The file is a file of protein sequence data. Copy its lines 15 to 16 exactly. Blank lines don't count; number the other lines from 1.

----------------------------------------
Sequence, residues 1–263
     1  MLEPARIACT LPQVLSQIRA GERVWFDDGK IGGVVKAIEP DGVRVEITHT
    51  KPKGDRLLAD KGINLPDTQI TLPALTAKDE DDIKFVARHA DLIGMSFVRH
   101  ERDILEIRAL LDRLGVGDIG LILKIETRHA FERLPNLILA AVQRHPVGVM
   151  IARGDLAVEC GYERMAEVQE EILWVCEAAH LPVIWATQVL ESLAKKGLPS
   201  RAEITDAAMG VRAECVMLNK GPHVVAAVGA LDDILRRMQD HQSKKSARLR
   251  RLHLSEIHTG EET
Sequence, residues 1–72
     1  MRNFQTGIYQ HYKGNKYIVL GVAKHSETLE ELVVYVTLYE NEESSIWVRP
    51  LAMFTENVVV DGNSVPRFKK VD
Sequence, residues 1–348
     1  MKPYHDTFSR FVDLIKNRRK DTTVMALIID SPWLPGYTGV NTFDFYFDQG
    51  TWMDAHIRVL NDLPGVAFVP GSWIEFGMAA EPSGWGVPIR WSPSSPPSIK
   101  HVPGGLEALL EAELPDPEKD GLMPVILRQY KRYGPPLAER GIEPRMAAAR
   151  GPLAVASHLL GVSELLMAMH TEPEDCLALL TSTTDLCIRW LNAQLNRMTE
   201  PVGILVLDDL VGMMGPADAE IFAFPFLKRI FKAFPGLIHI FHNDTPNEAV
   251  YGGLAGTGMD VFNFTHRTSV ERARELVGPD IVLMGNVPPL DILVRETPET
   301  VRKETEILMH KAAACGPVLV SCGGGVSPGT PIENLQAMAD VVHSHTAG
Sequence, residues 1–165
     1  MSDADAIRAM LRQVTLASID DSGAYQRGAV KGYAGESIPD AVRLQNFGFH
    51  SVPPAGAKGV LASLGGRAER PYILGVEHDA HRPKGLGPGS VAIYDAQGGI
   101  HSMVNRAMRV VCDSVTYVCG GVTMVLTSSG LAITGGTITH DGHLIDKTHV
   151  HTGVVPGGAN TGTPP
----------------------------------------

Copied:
   151  GPLAVASHLL GVSELLMAMH TEPEDCLALL TSTTDLCIRW LNAQLNRMTE
   201  PVGILVLDDL VGMMGPADAE IFAFPFLKRI FKAFPGLIHI FHNDTPNEAV